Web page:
Although reported COVID-19 deaths between Jan 1, 2020, and Dec 31, 2021, totaled 5·94 million worldwide, we estimate that 18·2 million (95% uncertainty interval 17·1–19·6) people died worldwide because of the COVID-19 pandemic (as measured by excess mortality) over that period. The global all-age rate of excess mortality due to the COVID-19 pandemic was 120·3 deaths (113·1–129·3) per 100 000 of the population, and excess mortality rate exceeded 300 deaths per 100 000 of the population in 21 countries. The number of excess deaths due to COVID-19 was largest in the regions of south Asia, north Africa and the Middle East, and eastern Europe. At the country level, the highest numbers of cumulative excess deaths due to COVID-19 were estimated in


India (4·07 million [3·71–4·36]),


the USA (1·13 million [1·08–1·18]),


Russia (1·07 million [1·06–1·08]),


Mexico (798 000 [741 000–867 000]),


Brazil (792 000 [730 000–847 000]),


Indonesia (736 000 [594 000–955 000]), and


Pakistan (664 000 [498 000–847 000]).

Among these countries, the excess mortality rate was highest in


Russia (374·6 deaths [369·7–378·4] per 100 000) and


Mexico (325·1 [301·6–353·3] per 100 000), and was similar in


Brazil (186·9 [172·2–199·8] per 100 000) and the


USA (179·3 [170·7–187·5] per 100 000).

Obesity and COVID

Excess body weight is related to several comorbidities that can lead to an increasingly severe course of and consequent death from COVID-19. Metabolic disorders, for example, can predispose individuals to a poorer COVID-19 outcome. Since excess body weight can result in a greater volume and longer duration of contagion, it can also lead to a higher level of exposure to COVID-19. On average, every percentage point increment in the proportion of the overweight in adult populations contributes to an additional 3.5% points to COVID-19 mortality for high income countries.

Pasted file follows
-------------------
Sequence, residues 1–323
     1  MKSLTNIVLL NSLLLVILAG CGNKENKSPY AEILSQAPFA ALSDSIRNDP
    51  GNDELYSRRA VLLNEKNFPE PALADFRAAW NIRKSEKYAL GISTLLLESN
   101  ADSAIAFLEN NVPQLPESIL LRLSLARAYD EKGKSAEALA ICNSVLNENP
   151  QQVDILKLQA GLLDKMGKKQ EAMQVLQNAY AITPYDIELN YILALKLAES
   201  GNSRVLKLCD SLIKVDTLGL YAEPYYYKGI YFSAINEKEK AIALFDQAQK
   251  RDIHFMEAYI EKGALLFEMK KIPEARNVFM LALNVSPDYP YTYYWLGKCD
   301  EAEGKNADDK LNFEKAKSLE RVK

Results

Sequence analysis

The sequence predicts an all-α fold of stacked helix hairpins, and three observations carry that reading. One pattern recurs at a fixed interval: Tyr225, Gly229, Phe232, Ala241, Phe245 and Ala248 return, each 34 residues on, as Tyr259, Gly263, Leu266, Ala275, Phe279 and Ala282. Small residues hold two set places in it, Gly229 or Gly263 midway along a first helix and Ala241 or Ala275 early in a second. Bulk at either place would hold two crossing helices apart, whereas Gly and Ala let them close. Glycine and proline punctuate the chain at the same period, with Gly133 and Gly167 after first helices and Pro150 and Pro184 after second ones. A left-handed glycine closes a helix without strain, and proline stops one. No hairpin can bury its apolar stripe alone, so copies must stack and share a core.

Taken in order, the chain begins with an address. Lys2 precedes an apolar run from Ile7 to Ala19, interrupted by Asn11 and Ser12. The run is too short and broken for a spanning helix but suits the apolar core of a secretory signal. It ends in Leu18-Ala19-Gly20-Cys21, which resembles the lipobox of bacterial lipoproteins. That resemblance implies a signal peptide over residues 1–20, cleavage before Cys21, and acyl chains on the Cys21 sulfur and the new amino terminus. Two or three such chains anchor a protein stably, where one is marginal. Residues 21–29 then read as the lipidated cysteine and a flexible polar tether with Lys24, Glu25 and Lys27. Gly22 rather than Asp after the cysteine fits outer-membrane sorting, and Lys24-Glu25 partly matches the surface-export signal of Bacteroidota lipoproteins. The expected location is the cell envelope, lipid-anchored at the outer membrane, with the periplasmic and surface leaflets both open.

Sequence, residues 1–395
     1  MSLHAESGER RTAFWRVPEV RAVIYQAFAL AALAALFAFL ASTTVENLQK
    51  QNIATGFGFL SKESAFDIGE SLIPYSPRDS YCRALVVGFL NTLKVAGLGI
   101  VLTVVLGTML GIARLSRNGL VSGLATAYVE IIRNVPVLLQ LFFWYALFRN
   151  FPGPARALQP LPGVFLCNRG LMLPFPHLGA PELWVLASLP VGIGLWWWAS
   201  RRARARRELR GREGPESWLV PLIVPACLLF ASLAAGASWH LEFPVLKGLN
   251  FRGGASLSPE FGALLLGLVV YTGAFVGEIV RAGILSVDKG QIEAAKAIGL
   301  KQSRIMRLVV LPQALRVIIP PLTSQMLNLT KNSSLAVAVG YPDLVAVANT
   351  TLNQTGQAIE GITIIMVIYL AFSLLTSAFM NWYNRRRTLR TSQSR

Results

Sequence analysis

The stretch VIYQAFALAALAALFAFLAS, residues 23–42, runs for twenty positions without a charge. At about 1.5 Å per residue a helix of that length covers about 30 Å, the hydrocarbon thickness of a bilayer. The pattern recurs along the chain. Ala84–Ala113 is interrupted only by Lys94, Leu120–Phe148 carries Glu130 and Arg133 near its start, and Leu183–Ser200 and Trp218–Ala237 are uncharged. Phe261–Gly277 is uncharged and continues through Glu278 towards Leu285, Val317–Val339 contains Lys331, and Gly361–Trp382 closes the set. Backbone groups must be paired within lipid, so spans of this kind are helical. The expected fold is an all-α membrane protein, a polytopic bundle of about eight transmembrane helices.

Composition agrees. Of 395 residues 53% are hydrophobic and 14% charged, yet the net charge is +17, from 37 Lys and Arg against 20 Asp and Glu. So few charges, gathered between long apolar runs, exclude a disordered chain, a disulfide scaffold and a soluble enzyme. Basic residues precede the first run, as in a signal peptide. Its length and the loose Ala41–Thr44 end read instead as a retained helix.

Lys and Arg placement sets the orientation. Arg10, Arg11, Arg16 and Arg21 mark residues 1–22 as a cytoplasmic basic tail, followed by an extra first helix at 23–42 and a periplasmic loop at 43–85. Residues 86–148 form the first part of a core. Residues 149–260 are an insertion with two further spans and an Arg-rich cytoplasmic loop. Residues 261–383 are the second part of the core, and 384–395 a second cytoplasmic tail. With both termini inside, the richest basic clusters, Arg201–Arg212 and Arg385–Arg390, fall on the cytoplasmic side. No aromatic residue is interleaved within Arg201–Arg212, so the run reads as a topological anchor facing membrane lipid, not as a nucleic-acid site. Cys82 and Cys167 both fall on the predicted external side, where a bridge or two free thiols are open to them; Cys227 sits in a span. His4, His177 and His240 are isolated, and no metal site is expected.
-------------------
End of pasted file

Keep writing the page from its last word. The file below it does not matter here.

In 2014, there were 2 billion overweight individuals globally, and the direct health care costs of obesity were around US$2 trillion. Of the global 2014 overweight population, around 14 percent live in India. In this same time period, between 2005 and 2015, overweight incidence doubled in India.

In 2020, One-third of the urban men and women in India surveyed were found to be overweight or obese. As much as 18% of men and 16% of women had high blood sugar level or were taking medication for controlling it. A quarter of urban men and women had elevated blood pressure or were taking medicine to control their blood pressure.

India is in a transition from a high rate of underweight people to a country with a significant amount of underweight and a lot of overweight people.


Russia has a lot of overweight and unhealthy people.

Brazil, Mexico and Pakistan also have high levels of obesity.

Countries can no longer afford to neglect the global nutrition crisis that has led to the obesity pandemic. At least 2.8 million people around the world die each year as a result of being overweight or obese. At the same time, the global medical costs of treating the consequences of obesity are staggering and expected to rise to $1.2 trillion annually by 2025. Good nutrition is central to tackling obesity and to building healthier, more resilient populations that are better equipped against Covid-19 and future pandemics.

SOURCES – World Population Review, World Obesity, Lancet, CDC, Worldometers


Written by Brian Wang, Nextbigfuture.com